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NEURONTIN 100MG CAPSULES

Active substance(s): GABAPENTIN

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Package leaflet:
Information for the user

®

Neurontin 100mg
Capsules
(gabapentin)
Read all of this leaflet carefully
before you start taking this
medicine because it contains
important information for you.
Keep this leaflet. You may need to read it
again.
If you have any further questions, ask
your doctor or pharmacist.
This medicine has been prescribed for
you only. Do not pass it on to others. It
may harm them, even if their symptoms
are the same as yours.
If you get any side effects talk to your
doctor or pharmacist. This includes any
possible side effects not listed in this
leaflet. See section 4.
The name of your medicine is NEURONTIN
100MG CAPSULES but will be referred to as
Neurontin throughout of this leaflet.
Please note that this leaflet also contains
information about other strengths such as
Neurontin 300mg, 400mg Capsules and
Neurontin 600mg, 800mg Film-coated tablets.

What is in this leaflet:
1. What Neurontin is and what it is
used for
2. What you need to know before
you take Neurontin
3. How to take Neurontin
4. Possible side effects
5. How to store Neurontin
6. Contents of the pack and other
information

1. What Neurontin is and what
it is used for
Neurontin belongs to a group of medicines
used to treat epilepsy and peripheral
neuropathic pain (long lasting pain caused by
damage to the nerves).
The active substance in Neurontin is
gabapentin.
Neurontin is used to treat:
Various forms of epilepsy (seizures that
are initially limited to certain parts of the
brain, whether the seizure spreads to
other parts of the brain or not). Your
doctor will prescribe Neurontin for you to
help treat your epilepsy when your
current treatment is not fully controlling
your condition. You should take Neurontin
in addition to your current treatment
unless told otherwise. Neurontin can also
be used on its own to treat adults and
children over 12 years of age.
Peripheral neuropathic pain (long lasting
pain caused by damage to the nerves). A
variety of different diseases can cause
peripheral neuropathic pain (primarily
occurring in the legs and/or arms), such
as diabetes or shingles. Pain sensations
may be described as hot, burning,
throbbing, shooting, stabbing, sharp,
cramping, aching, tingling, numbness,
pins and needles etc.

2. What you need to know
before you take Neurontin
Do not take Neurontin
if you are allergic (hypersensitive) to
gabapentin or any of the other ingredients
of this medicine (listed in section 6).

Warnings and Precautions
Talk to your doctor or pharmacist before
taking Neurontin:
if you suffer from kidney problems your
doctor may prescribe a different dosing
schedule
if you are on haemodialysis (to remove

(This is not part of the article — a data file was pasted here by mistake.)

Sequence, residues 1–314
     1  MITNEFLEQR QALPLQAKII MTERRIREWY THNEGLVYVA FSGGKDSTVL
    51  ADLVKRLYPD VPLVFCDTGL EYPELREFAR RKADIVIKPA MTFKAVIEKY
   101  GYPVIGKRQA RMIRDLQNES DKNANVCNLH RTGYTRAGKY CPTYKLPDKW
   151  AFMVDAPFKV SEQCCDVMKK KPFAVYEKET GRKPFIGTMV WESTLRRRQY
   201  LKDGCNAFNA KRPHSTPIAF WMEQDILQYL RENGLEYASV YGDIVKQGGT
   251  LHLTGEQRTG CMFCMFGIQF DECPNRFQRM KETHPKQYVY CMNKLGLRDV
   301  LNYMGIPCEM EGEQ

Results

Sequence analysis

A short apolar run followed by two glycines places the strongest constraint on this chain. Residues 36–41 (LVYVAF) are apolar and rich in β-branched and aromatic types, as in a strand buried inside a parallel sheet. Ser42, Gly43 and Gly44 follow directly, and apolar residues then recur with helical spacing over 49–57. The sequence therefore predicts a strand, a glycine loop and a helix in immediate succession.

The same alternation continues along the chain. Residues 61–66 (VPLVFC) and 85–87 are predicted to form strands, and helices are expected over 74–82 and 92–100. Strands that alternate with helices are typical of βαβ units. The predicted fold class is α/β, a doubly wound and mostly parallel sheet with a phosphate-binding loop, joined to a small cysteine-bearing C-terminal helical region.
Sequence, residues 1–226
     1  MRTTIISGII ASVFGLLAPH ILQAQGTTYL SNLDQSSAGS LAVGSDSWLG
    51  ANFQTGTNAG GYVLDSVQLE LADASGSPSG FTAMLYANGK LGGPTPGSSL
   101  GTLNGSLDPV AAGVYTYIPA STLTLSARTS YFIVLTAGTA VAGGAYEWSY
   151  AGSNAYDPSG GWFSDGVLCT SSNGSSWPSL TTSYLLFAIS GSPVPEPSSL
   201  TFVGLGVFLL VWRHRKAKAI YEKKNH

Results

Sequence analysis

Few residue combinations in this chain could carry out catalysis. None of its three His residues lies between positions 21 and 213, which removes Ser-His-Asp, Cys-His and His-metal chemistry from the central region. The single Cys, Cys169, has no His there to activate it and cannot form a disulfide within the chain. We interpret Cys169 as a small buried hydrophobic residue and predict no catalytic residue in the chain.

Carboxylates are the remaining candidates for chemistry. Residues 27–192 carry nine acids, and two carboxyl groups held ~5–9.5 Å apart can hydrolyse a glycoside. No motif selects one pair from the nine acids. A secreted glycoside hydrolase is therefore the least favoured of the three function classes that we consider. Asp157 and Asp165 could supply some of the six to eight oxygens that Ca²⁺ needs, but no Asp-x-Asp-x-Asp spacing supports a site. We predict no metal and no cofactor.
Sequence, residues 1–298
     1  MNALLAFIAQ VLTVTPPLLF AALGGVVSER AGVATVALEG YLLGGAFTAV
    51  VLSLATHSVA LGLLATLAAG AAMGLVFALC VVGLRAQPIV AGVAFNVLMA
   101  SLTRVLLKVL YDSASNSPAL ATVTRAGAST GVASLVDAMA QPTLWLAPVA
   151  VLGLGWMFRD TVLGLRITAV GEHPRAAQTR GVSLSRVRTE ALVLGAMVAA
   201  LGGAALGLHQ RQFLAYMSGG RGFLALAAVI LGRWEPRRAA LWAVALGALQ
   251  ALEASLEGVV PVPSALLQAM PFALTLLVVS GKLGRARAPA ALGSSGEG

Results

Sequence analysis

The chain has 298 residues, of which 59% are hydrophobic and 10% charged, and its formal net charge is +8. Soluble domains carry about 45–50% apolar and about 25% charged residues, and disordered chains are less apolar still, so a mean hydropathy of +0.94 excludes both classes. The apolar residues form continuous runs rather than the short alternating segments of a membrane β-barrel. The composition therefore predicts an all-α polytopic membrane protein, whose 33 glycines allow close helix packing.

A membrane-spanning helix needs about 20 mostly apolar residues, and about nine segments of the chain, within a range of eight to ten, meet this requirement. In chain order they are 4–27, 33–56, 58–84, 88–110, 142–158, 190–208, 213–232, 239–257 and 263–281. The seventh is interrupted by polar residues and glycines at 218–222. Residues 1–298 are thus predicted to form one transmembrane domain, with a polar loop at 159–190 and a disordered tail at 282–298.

waste products because of kidney
failure), tell your doctor if you develop
muscle pain and/or weakness

if you develop signs such as persistent
stomach pain, feeling sick and being sick
contact your doctor immediately as these
may be symptoms of acute pancreatitis
(an inflamed pancreas)
Cases of abuse and dependence have been
reported for gabapentin from the postmarketing experience. Talk to your doctor if
you have a history of abuse or dependence.
A small number of people being treated with
antiepileptics such as gabapentin have had
thoughts of harming or killing themselves.
If at any time you have these thoughts,
immediately contact your doctor.

Important information about
potentially serious reactions
A small number of people taking Neurontin
get an allergic reaction or potentially serious
skin reaction, which may develop into more
serious problems if they are not treated. You
need to know the symptoms to look out for
while you are taking Neurontin.
Read the description of these symptoms
in section 4 of this leaflet under ‘Contact
your doctor immediately if you experience any
of the following symptoms after taking this
medicine as they can be serious’
Muscle weakness, tenderness or pain and
particularly, if at the same time, you feel
unwell or have a high temperature it may be
caused by an abnormal muscle breakdown
which can be life-threatening and lead to
kidney problems. You may also experience
discoloration of your urine, and a change in
blood test results (notably blood creatine
phosphokinase increased). If you experience
any of these signs or symptoms, please
contact your doctor immediately.

Other medicines and Neurontin
Tell your doctor or pharmacist if you are
taking, have recently taken or might take any
other medicines.

Medicines containing opioids such as
morphine
If you are taking any medicines containing
opioids (such as morphine), please tell your
doctor or pharmacist as opioids may increase
the effect of Neurontin.In addition,
combination of Neurontin with opioids may
cause symptoms like sleepiness and/or
decrease in breathing.

Antacids for indigestion
If Neurontin and antacids containing
aluminium and magnesium are taken at the
same time, absorption of Neurontin from the
stomach may be reduced. It is therefore
recommended that Neurontin is taken at the
earliest two hours after taking an antacid.

Neurontin:
is not expected to interact with other
antiepileptic drugs or the oral
contraceptive pill.
may interfere with some laboratory tests,
if you require a urine test tell your doctor
or hospital what you are taking.

Neurontin with food
Neurontin can be taken with or without food.

Pregnancy, breast-feeding and
fertility
If you are pregnant or breast-feeding, think
you may be pregnant or are planning to have
a baby, ask your doctor or pharmacist for
advice before taking this medicine.

Pregnancy
Neurontin should not be taken during
pregnancy, unless you are told otherwise by
your doctor. Effective contraception must be
used by women of child-bearing potential.

Because the effect on the baby is unknown, it
is not recommended to breast-feed while
using Neurontin.

Fertility
There is no effect on fertility in animal studies.

Driving and using machines